Description and Biology
The balsam twig aphid, Mindarus abietinus, has a complex life history with three distinct forms occurring during a single generation. Winged balsam twig aphids are 1/16 to almost 1/8 inch long. In the spring overwintering eggs hatch. After three molts, the mature wingless adults called stem mother. These give birth to living young. The stem mothers are plump, covered with a snowy powder and often obscurred by waxy filaments that protrude from their abdomens. Whereas many aphids have conspicuous cornicles, those of the balsam twig aphid are much reduced. The offspring gather in a colony around the greenish or blue-gray parent and feed on old needles and buds. Offspring also produce a white waxy covering over ther bodies. Nymphs are very small, pale yellowish-green and wingless. Plump nymphs develop into wingless females called fundatrices that give birth to more nymphs. From mid June to mid July, slender nymphs are born that develop into winged adults called sexuales. These winged aphids mate, lay eggs, and disappear. The rest of the year is spent as eggs in crevices of the bark or sometimes on needles. Eggs are black and covered with small, white rods of wax.
This insect has been reported on alpine fir, balsam fir, Fraser fir, grand fir, Siberian fir, and white fir. When populations are high on firs, some aphids fall onto other conifers and can complete their development on white spruce and juniper. Balsam twig aphids excrete copious amounts of honeydew in which can develop black sooty mold fungi. Aphid feeding may also cause twists and curls in the needles as well as roughened bark. Heavy infestation can reduce the value of a commercial Christmas tree and even cause severe damage to small trees.
Control of balsam twig aphids is difficult because damage occurs in early spring when weater is unpredictable. Insecticidal soaps and other insecticides labeled for landscape use should be effective in preventing noticeable damage if applied early enough. As the weather warms up, lady beetles, syrphid maggots, aphid lions and other predators help limit balsam twig aphid populations.
- Aphids on Ornamental Landscape Plants. Frank, S. 2009. Entomology Insect Notes, NC State Extension Publications.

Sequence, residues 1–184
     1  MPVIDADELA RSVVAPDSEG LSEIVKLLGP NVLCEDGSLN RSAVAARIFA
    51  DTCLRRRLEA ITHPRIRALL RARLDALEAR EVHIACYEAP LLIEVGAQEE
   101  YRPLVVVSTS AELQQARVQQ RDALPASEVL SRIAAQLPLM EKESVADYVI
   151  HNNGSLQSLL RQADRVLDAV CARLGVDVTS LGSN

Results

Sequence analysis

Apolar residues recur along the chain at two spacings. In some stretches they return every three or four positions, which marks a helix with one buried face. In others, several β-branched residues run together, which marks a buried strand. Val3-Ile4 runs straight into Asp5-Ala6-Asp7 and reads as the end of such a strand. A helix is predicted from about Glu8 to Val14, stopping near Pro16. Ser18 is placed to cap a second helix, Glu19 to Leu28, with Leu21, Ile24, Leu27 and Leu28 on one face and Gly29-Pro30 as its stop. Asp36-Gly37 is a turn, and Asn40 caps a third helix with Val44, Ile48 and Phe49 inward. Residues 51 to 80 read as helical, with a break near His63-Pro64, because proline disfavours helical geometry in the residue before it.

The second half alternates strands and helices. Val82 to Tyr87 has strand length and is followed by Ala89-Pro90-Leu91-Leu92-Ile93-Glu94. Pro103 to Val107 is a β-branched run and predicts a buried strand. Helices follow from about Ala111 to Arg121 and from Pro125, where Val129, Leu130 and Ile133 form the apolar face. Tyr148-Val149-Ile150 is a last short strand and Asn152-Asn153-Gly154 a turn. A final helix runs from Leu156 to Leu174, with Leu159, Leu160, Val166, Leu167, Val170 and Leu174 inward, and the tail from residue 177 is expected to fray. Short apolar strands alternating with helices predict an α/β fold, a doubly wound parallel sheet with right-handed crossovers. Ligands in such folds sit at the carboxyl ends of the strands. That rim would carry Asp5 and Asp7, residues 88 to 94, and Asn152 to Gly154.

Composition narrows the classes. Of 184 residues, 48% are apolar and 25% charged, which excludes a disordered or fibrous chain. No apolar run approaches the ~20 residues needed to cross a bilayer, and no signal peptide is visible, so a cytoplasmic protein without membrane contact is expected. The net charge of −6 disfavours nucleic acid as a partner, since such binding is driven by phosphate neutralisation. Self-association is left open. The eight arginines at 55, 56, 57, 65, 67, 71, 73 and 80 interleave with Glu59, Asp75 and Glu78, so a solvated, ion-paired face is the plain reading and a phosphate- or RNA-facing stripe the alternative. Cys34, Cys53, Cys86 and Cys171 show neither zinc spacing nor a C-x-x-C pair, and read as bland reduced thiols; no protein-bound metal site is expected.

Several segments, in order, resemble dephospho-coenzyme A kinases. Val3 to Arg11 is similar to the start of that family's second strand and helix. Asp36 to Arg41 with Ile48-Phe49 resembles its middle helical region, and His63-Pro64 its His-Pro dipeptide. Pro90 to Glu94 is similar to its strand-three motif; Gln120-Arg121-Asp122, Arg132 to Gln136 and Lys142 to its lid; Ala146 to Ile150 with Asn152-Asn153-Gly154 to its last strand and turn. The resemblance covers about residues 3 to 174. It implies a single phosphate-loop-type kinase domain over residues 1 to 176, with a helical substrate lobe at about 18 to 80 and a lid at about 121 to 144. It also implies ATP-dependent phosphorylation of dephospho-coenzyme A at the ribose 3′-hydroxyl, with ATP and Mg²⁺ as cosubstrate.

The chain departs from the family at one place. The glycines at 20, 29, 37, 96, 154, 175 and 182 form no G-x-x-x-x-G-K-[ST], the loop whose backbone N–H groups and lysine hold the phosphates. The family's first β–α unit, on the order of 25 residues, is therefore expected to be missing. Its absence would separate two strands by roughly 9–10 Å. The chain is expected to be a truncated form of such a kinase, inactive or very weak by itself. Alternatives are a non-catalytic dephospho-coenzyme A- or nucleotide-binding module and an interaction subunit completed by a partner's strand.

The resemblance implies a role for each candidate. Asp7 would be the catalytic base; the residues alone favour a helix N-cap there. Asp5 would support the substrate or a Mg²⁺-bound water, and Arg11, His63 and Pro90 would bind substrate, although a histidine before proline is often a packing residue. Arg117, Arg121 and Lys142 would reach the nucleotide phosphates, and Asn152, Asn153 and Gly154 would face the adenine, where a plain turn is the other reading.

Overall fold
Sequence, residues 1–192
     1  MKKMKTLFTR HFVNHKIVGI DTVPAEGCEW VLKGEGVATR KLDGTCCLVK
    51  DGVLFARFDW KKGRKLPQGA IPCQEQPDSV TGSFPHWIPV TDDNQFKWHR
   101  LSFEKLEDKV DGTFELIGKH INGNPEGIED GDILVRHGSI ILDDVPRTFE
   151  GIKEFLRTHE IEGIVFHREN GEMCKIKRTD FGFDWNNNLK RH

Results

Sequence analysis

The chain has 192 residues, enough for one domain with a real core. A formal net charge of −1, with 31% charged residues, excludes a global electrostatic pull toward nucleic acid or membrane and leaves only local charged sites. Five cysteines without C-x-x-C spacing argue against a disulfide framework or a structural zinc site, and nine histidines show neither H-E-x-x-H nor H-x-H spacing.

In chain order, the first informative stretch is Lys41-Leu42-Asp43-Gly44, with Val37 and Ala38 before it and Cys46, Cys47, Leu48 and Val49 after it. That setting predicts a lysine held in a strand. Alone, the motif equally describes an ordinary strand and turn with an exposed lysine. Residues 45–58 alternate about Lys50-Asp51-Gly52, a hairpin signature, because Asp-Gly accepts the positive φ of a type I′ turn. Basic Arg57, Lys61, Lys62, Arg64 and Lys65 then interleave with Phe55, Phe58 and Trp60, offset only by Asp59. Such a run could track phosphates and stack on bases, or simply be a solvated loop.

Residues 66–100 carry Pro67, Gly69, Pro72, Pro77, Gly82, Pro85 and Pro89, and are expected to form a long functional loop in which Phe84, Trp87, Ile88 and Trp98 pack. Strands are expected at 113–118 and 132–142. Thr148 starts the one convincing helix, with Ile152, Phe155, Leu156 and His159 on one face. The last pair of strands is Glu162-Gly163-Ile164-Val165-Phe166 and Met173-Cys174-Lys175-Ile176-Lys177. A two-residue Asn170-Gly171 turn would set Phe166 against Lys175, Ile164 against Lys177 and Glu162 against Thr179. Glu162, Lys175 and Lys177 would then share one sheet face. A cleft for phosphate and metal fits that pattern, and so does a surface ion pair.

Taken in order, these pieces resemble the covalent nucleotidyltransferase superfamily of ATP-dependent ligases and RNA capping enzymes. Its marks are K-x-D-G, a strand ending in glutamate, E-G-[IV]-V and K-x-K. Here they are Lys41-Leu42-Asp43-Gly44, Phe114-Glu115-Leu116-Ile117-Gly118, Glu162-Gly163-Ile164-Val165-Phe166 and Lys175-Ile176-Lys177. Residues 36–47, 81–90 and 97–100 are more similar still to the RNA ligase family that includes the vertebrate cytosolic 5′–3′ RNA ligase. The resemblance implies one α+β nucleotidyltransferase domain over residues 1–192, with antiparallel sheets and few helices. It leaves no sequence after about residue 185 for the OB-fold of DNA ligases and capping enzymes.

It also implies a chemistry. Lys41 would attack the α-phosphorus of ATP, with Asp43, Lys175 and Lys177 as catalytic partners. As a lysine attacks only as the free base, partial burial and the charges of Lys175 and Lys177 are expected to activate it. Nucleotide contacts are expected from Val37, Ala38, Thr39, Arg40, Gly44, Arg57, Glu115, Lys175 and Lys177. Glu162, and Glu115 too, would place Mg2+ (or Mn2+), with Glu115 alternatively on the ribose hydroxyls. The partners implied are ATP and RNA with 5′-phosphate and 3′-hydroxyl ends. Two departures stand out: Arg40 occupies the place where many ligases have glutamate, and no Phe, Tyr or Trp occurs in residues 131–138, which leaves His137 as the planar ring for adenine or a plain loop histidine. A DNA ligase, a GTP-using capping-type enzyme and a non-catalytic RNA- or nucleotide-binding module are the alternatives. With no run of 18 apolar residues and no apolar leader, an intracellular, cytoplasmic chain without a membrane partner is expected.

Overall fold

- Mindarus abietinus, Balsam twig aphid. Brightwell, R. et al. 2018. InfluentialPoints.com.
- Sooty Molds. Frank, S. et al. 2002. Entomology Insect Notes, NC State Extension Publications.
- Insect and Related Pests of Shrubs. Baker, J. R. ed. 1980. NC Agr. Extension Service pub. AG-189. 199 pp.
- Extension Plant Pathology Publications and Factsheets
- Horticultural Science Publications
- North Carolina Agricultural Chemicals Manual
For assistance with a specific problem, contact your local Cooperative Extension Center
This publication has not been peer reviewed.
Publication date: March 13, 2019
Revised: Oct. 9, 2019
Recommendations for the use of agricultural chemicals are included in this publication as a convenience to the reader. The use of brand names and any mention or listing of commercial products or services in this publication does not imply endorsement by NC State University or N.C. A&T State University nor discrimination against similar products or services not mentioned. Individuals who use agricultural chemicals are responsible for ensuring that the intended use complies with current regulations and conforms to the product label. Be sure to obtain current information about usage regulations and examine a current product label before applying any chemical. For assistance, contact your local N.C. Cooperative Extension county center.
N.C. Cooperative Extension prohibits discrimination and harassment regardless of age, color, disability, family and marital status, gender identity, national origin, political beliefs, race, religion, sex (including pregnancy), sexual orientation and veteran status.